Ephesians 2:1


As for you, you were once dead in your transgressions and sins.


The gospel is deeply personal. It is not a theory or a general culture. You are either in or out. You either believe in Christ and receive his forgiveness, or you do not believe t and consequently remain on the outside of the Kingdom.

We have many opinions on issues that do not directly affect us, but the gospel is different. “As for you,” Paul says. We saw in the very first verse of chapter one that this letter is directed “to the saints,” that he is those who have responded to the gospel and now are God’s holy, or set apart, people.

This is me, and you, (assuming you are born again). It is us, the church, the ones called out and sanctified by Christ .

We all need to make a decision to follow Christ if we are to be saved and be a part of God's kingdom.

It affects people who hear the gospel and respond to it as individuals, but are then counted as part of the organic body of Christ.

“You were once dead in your sins & transgressions.”

We were once dead. I was dead in my sins, but now I am alive in Christ. I was the condemned man on the way to the execution chamber, a dead man walking.

But then I stopped being dead. Christ came into my life and moved me from the “dead” column to the “alive” column. The condemned man is set free, declared innocent. Now instead of being dead, on a relentless conveyor belt to hell, I am alive, rescued by Christ.

Countless millions of people are dead men and women walking. Their hearts beat and their bodies move, but they are dead in their sins.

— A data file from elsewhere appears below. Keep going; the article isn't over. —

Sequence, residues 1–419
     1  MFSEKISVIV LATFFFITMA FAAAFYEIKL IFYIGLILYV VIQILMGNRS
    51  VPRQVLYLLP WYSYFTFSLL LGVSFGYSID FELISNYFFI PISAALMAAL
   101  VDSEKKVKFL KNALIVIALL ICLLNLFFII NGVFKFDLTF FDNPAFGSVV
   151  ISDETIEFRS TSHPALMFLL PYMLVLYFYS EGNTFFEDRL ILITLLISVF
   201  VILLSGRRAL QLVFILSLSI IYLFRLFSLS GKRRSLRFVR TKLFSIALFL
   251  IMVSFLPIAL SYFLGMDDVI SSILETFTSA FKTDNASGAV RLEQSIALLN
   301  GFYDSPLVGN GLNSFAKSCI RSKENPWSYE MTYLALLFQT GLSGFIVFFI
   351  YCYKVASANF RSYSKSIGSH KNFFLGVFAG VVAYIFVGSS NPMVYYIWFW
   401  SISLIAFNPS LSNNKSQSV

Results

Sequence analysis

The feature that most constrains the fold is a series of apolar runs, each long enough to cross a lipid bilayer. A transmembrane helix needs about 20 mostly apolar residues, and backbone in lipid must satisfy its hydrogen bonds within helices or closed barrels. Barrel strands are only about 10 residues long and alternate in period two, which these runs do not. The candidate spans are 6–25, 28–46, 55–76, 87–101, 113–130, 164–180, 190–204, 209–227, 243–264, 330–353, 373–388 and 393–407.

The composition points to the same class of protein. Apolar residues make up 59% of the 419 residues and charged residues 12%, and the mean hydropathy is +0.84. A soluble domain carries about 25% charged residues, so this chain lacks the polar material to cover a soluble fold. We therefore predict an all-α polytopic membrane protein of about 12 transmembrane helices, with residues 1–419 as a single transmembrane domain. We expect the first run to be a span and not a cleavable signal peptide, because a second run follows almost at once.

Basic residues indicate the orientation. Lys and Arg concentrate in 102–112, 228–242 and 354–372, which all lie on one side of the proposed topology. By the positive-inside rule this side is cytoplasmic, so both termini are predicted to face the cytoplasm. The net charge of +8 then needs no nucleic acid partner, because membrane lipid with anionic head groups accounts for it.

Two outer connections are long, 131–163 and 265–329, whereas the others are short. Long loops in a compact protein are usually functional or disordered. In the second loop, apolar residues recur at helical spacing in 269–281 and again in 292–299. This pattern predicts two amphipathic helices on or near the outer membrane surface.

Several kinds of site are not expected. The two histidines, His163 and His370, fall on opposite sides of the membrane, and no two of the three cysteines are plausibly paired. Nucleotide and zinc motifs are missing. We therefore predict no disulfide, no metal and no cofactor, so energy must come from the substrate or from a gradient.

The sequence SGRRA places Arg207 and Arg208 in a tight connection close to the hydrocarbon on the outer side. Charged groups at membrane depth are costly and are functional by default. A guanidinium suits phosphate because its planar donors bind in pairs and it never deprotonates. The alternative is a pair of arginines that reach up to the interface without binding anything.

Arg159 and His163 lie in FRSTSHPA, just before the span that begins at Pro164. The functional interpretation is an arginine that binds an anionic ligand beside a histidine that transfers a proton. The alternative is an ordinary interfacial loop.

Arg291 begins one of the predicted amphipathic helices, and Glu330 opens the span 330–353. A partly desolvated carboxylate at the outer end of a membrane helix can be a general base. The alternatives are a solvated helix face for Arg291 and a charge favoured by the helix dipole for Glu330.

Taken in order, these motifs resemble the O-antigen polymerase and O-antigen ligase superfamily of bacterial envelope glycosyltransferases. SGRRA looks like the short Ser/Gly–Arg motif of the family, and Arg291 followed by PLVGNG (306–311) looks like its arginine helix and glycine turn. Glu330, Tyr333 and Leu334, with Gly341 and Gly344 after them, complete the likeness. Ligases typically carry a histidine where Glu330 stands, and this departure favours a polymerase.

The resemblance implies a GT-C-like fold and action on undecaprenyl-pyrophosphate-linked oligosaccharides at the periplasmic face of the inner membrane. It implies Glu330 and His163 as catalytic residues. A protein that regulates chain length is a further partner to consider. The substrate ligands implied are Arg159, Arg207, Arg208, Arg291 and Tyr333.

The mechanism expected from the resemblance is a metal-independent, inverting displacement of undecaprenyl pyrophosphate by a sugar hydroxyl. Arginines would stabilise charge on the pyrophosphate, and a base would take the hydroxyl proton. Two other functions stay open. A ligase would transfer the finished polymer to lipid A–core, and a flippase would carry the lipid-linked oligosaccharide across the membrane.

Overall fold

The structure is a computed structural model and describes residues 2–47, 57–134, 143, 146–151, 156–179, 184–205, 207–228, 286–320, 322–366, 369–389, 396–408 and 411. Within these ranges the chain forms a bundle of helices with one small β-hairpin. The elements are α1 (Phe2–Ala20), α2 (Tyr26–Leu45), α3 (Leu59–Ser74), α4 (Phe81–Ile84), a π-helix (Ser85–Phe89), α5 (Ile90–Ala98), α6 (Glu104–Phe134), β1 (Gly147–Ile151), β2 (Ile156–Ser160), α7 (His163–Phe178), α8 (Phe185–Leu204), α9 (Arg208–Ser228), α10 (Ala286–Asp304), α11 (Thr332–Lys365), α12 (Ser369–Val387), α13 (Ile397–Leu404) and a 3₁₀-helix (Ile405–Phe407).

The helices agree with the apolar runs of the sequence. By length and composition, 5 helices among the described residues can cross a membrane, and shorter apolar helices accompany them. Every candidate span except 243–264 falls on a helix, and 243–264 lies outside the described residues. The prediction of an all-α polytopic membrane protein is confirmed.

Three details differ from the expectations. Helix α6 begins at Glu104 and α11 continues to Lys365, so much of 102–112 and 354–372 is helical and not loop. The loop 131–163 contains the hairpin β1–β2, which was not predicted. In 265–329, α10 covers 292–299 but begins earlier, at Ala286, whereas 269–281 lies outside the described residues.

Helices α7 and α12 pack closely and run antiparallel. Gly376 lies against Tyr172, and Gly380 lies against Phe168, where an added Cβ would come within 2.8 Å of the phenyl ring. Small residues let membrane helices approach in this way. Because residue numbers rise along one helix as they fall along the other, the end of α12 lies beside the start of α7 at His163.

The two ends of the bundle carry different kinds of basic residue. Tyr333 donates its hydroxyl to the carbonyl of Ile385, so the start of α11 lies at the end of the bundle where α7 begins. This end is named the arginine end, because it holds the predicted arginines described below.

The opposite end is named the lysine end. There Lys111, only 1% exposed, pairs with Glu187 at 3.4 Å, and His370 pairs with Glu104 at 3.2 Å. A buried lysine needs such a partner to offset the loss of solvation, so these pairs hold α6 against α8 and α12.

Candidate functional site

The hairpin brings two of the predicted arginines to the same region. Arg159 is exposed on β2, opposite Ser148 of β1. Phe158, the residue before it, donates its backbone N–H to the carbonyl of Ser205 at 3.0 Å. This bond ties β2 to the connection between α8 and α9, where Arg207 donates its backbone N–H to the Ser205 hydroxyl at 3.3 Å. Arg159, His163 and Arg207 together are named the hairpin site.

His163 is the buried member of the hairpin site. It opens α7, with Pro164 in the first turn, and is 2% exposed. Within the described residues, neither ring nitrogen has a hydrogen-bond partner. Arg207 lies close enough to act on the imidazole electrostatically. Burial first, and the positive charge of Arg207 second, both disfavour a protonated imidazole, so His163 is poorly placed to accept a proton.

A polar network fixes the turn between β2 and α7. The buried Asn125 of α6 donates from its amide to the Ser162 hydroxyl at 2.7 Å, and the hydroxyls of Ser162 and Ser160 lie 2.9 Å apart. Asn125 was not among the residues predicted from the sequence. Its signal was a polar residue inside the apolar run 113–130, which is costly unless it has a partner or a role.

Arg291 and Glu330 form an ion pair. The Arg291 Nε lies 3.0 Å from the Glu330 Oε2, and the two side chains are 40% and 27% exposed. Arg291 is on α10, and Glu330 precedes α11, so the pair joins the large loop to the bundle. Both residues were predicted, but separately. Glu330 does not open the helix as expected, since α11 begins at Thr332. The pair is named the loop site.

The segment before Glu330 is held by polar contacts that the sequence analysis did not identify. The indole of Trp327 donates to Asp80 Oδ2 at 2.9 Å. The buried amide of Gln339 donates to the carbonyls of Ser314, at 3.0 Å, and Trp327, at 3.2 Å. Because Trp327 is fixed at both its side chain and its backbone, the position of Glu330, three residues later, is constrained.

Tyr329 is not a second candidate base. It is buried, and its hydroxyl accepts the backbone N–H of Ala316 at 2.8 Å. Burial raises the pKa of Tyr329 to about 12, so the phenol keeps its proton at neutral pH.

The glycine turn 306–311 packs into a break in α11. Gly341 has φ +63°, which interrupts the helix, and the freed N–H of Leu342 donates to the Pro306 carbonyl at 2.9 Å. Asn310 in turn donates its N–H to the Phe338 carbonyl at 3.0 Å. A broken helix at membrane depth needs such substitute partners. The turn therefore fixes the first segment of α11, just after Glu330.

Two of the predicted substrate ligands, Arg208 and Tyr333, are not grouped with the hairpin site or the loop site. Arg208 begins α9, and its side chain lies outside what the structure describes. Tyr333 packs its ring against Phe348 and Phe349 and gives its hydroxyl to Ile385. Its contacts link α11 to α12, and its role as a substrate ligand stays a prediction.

So we used to be! But now I am alive in Christ. The sins that hung around my neck, pulling me inexorably into the depths have been cut off and carried away by Christ.

We were once dead in our transgressions and sins.

The word for transgressions here suggests an accidental breaking of the law- stumbling aside, a false step.

When I am driving, sometimes I don't notice that I'm going down hill and my speed has increased above the speed limit. Someone coming into the country doesn't recognise that we have strict laws about what may be brought in. They might have some food product that is prohibited and forget to declare it on the card.

In both cases the law has been broken, but not intentionally.

It is these transgressions that Paul says have kept us in death. I did not know God's requirements, so I failed. I tried to live a good life, but I am not perfect.

Intentions are not what matters. I have broken God’s holy law, falling short of his glory. I have failed to live up to His standards.

The cumulative effect of my transgressions has made me dead spiritually. I was estranged from God by my breaching of His law.

The word for sins means to miss the mark or to fall short. This is more serious because it suggests wilfulness. We know what we should do but we refuse to do it. It is rebellion against God’s will.

We are all born in sin. We all have that sinful nature handed down from Adam and Eve. We refused to do what God wants us to do.

This outright rebellion moves us away from God, the source of all life, and so we die.

In the previous analogy of driving, sin is when I decide to recklessly ignore the speed limit. I know I should drive at less than 60 km per hour, but I choose to drive at 100 kilometres per hour. My action is a total disregard for the law, and now renders me likely to have a crash.

Sin is when we know what we should do and wilfully do the opposite. It kills us and those around us.

I was once dead in my sins and transgressions, but now, thank God, I am alive because of what Christ has done.

This Is a miracle. It is only God who can turn death into life. It is only God who can raise up the dead person and breathe into them the breath of life.

Key points in this verse:

  • The gospel is personal and we must have apply it to our own lives.

  • We were once dead but we are now alive in Christ.

  • We can accidentally transgress God’s laws or deliberately break them but the result either way is the same - death.